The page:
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The carbon buildup does seem to be excessive in my opinion. It may in fact be the root of your problems, but I am no expert, Hopefully someone with more expertise can comment. In the meantime you may try cleaning those with either walnut blasting or the CRC cleaner.
 

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Discussion Starter #7
I found the problem with cylinders 1 3 and 5 not working. I do not know what initially caused this, but I'm pulling it all apart now to see how much damage was caused. It seems like, so far, that bank 2 and the main gear are fine and only the bank 1 chain snapped, but I have no idea what initially caused it.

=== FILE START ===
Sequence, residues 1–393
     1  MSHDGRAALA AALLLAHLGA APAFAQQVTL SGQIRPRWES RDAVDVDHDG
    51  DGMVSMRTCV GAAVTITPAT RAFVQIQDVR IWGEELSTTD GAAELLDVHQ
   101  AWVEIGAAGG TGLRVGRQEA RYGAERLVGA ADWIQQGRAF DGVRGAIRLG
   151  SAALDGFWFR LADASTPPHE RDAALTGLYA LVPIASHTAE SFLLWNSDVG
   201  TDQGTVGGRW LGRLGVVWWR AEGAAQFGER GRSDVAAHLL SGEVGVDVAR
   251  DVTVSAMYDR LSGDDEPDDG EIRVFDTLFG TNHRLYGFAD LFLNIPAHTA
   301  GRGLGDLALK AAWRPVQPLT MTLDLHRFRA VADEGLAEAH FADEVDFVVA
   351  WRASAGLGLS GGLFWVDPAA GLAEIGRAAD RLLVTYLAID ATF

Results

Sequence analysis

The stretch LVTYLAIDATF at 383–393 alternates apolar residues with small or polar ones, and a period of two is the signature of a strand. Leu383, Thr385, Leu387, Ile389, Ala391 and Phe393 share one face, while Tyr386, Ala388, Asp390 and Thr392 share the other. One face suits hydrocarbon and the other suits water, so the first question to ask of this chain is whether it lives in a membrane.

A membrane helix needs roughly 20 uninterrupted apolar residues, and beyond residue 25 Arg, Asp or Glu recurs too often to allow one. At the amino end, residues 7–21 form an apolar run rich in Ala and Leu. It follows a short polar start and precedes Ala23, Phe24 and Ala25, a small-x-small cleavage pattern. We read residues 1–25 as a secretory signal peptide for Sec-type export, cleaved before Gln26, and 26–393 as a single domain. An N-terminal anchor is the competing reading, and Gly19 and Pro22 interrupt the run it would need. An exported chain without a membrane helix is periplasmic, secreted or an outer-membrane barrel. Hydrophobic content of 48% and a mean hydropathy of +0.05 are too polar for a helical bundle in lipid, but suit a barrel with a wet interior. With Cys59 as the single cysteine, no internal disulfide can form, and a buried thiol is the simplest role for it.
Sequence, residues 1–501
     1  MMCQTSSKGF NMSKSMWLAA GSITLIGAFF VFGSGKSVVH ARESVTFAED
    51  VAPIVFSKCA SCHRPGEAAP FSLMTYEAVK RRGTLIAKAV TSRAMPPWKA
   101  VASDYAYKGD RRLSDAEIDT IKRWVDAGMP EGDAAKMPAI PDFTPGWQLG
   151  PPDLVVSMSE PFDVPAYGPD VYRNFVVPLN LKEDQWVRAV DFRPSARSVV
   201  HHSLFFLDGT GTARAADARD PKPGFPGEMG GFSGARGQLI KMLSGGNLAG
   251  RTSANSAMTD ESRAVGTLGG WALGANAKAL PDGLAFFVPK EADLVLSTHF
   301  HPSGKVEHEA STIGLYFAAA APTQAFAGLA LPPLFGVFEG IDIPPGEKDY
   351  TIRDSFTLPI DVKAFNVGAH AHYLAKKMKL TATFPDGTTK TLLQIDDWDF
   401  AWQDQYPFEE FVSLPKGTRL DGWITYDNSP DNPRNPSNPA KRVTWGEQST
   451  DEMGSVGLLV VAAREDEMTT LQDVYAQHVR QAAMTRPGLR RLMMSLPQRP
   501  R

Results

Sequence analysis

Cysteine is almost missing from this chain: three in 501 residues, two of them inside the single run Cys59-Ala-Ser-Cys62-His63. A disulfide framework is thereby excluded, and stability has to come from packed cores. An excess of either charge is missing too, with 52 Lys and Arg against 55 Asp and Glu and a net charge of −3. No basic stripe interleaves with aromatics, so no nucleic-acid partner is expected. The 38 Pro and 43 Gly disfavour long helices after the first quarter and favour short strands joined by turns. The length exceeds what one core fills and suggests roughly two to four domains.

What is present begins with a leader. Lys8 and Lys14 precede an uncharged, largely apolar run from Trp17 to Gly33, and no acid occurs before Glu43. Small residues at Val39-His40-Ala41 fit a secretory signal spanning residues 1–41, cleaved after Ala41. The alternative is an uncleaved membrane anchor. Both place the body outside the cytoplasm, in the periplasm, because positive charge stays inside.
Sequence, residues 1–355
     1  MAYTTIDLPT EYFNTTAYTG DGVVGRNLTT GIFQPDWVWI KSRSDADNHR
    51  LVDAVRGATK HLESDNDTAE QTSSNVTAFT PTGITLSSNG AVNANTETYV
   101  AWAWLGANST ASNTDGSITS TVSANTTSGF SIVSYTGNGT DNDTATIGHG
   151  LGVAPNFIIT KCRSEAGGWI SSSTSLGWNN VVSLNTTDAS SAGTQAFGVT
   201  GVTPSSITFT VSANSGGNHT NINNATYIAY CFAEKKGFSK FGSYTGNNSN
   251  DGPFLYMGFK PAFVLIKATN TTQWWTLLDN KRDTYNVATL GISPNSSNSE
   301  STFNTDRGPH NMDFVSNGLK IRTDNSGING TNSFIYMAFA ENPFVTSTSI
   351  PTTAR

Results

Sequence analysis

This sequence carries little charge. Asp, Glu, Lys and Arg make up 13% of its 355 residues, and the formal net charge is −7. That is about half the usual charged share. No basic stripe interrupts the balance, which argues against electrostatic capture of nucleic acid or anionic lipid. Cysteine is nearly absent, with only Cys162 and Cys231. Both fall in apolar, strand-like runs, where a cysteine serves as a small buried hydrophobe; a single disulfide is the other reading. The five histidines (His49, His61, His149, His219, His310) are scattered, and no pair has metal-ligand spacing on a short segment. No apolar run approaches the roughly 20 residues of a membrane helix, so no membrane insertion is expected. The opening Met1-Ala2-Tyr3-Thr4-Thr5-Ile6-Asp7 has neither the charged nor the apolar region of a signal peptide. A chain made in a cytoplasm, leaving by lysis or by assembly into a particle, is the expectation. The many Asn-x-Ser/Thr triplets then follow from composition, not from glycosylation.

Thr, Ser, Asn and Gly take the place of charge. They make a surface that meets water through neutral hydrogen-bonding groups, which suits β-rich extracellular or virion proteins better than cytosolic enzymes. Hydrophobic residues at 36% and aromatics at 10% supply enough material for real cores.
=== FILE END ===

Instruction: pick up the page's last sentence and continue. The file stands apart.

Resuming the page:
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Wow.....

thanks for the pic.
 

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Just throwing this out there, if the cats are clogged, the pressure may have great enough for the chain to break. Anybody else want to speculate?
 

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I was only getting that one code, and it was very intermittent. I don't believe there is a clogged CAT, wouldn't it throw more specific codes than POST CAT too rich if it were the catalytic converter? I do, however, appreciate any feedback as I am planning on fixing this and putting it all back together. Not sure how doable/salvageable that is until I get it torn down some more. I finally just got the timing chain cover off of the vehicle while the motor is still in the vehicle.
 

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Also, wouldn't the car overheat if the CATs were not operating? Here's another picture of what angle I could get on the chain without the cover. Main and bank 2 secondary chains are fine and it seemed as if that part of the motor was operating fine while it was running.